Dogs DIE in hot cars

 

 

With temperatures soaring, it is vital to take care of our animals.   And this means paying particular attention to the wellbeing of our livestock, wildlife and pets. There are always animals who suffer as a result of human thoughtlessness, arrogance and sheer stupidity, and sadly one scenario is dogs dying in hot cars.   

Dogs Die in Hot Cars Coalition launch their 2020 campaign  

Shortly after the UK Government eased lockdown restrictions, the Dogs Die in Hot Cars coalition group launched this year’s campaign.  Battersea Dogs & Cats Home, Blue Cross, British Parking Association, British Veterinary Association (BVA), Dogs Trust, The Kennel Club, The Mayhew Animal Home, National Animal Welfare Trust, The National Police Chiefs Council (NPCC), PDSA, RSPCA, Scottish SPCA, #TeamOtisUK and Wood Green The Animals Charity have all teamed up again to spread the message. 

Cars heat up fast

A car can become as hot as an oven very quickly - even if it doesn't feel that warm.   When it's 22 degrees ouside, the temperature in a car can reach 47 degrees in an hour.  That's unbearable. Dogs can't wind the window down, open the car door or get themselves more water.  They are trapped. Conservatories and caravans or motor homes can equally be death traps.

Despite all the information available, the police and RSPCA still receive thousands of calls about dogs trapped inside cars on a hot day. 
  

Dogs Die in Hot Cars

What to do if you find a dog in a car on a hot day

The RSPCA says: In an emergency, it is best to dial 999 and report a dog in a hot car to police. The RSPCA may not be able to attend quickly enough and, with no powers of entry, we’d need police assistance at such an incident.

You can call the RSPCA’s 24-hour emergency cruelty line on 0300 1234 999 for advice but, if a dog is in danger, dialling 999 should always be the first step. 

There is information on the RSPCA's website, with information about what to do if you find a dog in a car on a hot day, including advice for if you think you need to break into the car to get the dog out - this could be a criminal act, so there are tips for how to approach such an action.  

Under the Animal Welfare Act, all owners have a duty of care towards their animals.  This includes preventing suffering, and not exposing them to extremes of temperature.  If a dog is left on a warm day and suffers, the owners could be prosecuted.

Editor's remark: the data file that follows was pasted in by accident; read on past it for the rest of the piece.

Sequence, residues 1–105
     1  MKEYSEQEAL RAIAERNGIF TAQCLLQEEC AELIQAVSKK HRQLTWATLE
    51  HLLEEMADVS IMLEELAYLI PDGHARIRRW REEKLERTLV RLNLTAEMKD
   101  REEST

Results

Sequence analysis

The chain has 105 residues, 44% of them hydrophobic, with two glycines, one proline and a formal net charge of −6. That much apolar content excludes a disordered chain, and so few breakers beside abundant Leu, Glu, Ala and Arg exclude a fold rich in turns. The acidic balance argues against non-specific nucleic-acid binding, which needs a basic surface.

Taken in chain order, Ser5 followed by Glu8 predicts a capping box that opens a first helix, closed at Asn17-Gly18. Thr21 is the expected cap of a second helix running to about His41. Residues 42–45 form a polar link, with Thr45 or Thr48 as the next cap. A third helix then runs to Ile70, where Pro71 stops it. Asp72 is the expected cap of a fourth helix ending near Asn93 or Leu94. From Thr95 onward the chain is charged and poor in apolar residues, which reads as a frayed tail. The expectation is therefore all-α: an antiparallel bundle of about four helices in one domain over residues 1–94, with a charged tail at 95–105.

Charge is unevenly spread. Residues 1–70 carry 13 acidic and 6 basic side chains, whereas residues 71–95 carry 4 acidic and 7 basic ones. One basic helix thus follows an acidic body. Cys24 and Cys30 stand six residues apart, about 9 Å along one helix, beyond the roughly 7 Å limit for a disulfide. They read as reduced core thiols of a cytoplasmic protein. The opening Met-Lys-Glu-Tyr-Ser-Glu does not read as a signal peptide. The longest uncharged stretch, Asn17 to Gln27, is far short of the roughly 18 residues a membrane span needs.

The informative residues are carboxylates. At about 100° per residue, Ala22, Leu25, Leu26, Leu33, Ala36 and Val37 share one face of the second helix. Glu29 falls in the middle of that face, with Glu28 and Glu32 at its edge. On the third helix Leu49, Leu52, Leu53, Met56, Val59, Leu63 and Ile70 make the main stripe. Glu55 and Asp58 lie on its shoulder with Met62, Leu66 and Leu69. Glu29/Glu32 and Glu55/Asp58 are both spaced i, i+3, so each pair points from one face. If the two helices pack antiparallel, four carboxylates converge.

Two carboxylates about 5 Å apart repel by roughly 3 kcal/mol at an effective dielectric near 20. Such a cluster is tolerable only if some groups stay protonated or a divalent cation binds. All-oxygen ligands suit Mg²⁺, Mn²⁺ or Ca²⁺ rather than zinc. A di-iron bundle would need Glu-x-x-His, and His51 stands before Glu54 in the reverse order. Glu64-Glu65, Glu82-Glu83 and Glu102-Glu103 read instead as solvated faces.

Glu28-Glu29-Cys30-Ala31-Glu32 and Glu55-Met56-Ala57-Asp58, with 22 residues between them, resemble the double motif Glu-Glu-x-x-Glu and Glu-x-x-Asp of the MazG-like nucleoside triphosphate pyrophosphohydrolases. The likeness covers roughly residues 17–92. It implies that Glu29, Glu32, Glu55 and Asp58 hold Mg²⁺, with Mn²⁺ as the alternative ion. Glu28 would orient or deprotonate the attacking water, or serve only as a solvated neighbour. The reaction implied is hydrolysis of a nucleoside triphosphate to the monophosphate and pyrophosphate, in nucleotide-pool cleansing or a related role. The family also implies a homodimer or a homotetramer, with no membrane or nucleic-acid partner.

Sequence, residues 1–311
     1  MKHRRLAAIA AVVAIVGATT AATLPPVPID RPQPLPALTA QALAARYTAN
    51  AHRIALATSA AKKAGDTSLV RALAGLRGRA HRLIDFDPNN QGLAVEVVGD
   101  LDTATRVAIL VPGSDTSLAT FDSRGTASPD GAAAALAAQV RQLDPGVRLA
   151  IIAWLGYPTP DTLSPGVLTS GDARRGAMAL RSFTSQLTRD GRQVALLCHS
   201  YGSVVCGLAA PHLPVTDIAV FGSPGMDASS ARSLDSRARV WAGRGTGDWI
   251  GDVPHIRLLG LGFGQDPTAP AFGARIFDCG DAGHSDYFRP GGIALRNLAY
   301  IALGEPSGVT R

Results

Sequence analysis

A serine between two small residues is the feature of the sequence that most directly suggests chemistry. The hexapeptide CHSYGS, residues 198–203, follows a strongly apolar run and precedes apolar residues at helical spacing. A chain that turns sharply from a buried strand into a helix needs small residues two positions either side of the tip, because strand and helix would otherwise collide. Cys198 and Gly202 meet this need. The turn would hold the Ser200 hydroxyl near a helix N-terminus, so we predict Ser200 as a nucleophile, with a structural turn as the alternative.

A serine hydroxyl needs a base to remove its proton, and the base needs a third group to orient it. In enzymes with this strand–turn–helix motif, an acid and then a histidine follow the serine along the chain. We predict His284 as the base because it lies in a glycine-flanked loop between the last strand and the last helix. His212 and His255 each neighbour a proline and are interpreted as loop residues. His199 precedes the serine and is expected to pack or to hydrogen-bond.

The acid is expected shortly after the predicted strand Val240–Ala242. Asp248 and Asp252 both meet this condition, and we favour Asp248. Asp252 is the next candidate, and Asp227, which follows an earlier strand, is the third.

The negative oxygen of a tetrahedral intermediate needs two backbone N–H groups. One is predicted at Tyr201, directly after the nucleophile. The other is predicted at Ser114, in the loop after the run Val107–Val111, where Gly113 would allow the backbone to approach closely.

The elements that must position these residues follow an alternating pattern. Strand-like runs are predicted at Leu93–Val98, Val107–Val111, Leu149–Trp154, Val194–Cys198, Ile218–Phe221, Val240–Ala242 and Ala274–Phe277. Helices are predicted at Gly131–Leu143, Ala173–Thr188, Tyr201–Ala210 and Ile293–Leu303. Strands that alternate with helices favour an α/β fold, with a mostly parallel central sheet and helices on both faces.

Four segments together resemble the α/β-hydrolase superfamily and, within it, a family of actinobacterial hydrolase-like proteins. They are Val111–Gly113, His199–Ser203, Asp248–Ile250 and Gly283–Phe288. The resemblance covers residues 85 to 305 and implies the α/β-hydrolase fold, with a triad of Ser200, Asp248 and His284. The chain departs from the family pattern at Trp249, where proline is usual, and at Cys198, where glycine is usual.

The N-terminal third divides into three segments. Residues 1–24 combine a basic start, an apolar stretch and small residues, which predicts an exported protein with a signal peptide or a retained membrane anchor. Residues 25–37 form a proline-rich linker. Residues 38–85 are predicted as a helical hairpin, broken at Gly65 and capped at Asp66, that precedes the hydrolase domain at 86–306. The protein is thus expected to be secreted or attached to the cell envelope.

There's a PDF leaflet about dogs in hot cars that you can download for free with more information. 

Dogs are different to people - dogs can't cool down in the same way we can.  Leaving a window open or parking in the shade won't help.  Cloud cover can quickly disappear.  Temperatures in air conditioned cars can reach the same temperature as outside within minutes of the air-con being turned off.

The RSPCA points out that some dogs are more prone to heatstroke, such as the very young and old, dogs with thick heavy coats and those with very short flat faces such as pugs, whilst dogs with certain diseases or on some sort sof medication are also at risk, but frankly, any dog is at risk being shut in a car is at risk of heatstroke and death.   We all have a responsibility to care for our animals and look after them.

Finally please don't forget the 5 second hand test.

Warm day?  Hot day?  Put the back of your hand on the tarmac and leave it there for 5 seconds.  Too hot for you?  Then it's too hot for your dog to walk on.  Protect your dog's paws with the five second test.  Walk them early in the morning or in the cool of the evening. 

And please - don't forget, when you're sitting in a cafe, drinking a nice cool drink and refreshing yourself - think of your dog.   He or she is probably very thirsty as well.

Keep animals cool in summer

 

 

Battersea Dogs & Cats Home, Blue Cross, British Parking Association, British Veterinary Association (BVA), Dogs Trust, The Kennel Club, The Mayhew Animal Home, National Animal Welfare Trust, The National Police Chiefs Council (NPCC), PDSA, RSPCA, Scottish SPCA, #TeamOtisUK and Wood Green The Animals Charity have all teamed up again to spread the message.